I love Juneau. I cannot resist daily going to the Juneau Empire web page to read about what is happening there. Many people whom I consider friends live in Juneau, and it was very difficult to leave after more than 20 years of residing there. Hardly a day goes by that my wife or I don't reflect on something from our Juneau past. Fortunately we have only moved to another Alaska community and not outside as we feared we might have to do.
Before I moved to Juneau to work in the 13th Alaska Legislature I lived more than 20 years in bustling Anchorage. My wife and I are now rediscovering all of the many qualities of my "old stomping grounds" and she is thrilled to live here, with so many things to do and dry weather. We have come to recognize that Juneau is its own little Shangri La. Many people there seem to live in a wonderland of political fantasy. By contrast, Alaskans from every community in the state have a view of Juneau based on the fact it is so isolated and state political dogs go there to do their business.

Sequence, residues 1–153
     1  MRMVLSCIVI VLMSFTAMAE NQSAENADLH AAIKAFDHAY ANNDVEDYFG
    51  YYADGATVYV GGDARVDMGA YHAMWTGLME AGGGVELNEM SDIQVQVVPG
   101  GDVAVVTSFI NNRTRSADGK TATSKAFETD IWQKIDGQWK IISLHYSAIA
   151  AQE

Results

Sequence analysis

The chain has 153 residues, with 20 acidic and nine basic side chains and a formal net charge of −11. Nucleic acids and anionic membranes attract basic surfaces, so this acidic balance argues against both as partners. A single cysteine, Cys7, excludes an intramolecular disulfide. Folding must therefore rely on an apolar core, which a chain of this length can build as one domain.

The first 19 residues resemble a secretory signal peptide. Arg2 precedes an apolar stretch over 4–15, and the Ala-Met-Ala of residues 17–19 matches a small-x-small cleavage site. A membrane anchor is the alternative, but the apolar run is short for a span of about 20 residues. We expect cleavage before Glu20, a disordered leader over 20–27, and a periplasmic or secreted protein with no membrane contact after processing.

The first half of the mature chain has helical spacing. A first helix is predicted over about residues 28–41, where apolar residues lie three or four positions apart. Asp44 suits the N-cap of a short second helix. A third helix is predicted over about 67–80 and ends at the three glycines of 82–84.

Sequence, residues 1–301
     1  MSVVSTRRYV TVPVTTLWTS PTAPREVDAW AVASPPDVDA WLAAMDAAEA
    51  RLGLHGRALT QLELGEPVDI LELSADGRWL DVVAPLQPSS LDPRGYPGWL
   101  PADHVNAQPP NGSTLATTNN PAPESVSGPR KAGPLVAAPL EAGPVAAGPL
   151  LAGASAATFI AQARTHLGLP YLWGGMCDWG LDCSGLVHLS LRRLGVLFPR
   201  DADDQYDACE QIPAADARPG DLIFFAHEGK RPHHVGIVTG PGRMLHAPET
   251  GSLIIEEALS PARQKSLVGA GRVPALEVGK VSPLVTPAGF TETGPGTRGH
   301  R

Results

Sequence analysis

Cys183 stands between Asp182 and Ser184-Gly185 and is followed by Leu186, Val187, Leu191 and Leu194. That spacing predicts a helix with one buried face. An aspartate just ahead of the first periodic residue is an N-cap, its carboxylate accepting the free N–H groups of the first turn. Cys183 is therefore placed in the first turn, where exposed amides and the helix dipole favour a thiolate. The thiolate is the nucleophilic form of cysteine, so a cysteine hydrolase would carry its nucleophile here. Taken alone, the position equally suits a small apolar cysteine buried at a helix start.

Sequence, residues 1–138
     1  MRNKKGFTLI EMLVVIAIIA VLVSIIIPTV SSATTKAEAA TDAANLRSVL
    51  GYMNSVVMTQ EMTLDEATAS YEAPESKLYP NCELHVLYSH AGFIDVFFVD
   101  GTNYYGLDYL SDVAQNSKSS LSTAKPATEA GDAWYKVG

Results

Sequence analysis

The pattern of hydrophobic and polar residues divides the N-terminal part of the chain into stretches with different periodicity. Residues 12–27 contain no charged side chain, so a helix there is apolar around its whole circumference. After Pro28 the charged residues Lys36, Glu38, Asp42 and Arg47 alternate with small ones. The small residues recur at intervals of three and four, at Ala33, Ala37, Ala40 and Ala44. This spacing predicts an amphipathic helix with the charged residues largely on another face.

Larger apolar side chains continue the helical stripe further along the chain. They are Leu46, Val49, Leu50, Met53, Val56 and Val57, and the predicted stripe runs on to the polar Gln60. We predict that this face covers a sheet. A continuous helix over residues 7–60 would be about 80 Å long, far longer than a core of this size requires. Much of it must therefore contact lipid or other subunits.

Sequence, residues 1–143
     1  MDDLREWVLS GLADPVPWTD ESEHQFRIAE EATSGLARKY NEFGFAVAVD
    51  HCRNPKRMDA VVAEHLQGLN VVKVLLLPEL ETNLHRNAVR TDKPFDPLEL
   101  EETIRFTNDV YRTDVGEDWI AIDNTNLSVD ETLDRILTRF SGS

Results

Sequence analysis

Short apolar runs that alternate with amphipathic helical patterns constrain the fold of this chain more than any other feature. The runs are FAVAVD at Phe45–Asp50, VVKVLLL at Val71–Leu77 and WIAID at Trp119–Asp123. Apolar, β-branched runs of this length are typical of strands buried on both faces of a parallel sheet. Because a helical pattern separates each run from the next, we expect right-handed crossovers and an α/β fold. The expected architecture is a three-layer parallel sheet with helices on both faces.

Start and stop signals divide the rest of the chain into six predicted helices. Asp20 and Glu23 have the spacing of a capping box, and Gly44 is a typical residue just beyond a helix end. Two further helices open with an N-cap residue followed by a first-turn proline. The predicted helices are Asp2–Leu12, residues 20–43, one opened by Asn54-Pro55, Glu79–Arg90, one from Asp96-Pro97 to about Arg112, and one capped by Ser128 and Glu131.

When I tell people I have returned to Anchorage after living in Juneau, they often have something derogatory to say about it. Over the last year I believe we have changed many minds about what Juneau really represents as the state capital and business hub of Southeast Alaska. But the intent of my last letter to the Empire was not to say Anchorage is better than Juneau, so much as to challenge Juneau residents to set priorities for the community by bold initiatives, not on-again off-again mixed signals: a road, a new high school, a new capitol building, a second crossing of Gastineau channel, all come quickly to mind.
It's understood why somebody from Washington might miss that point.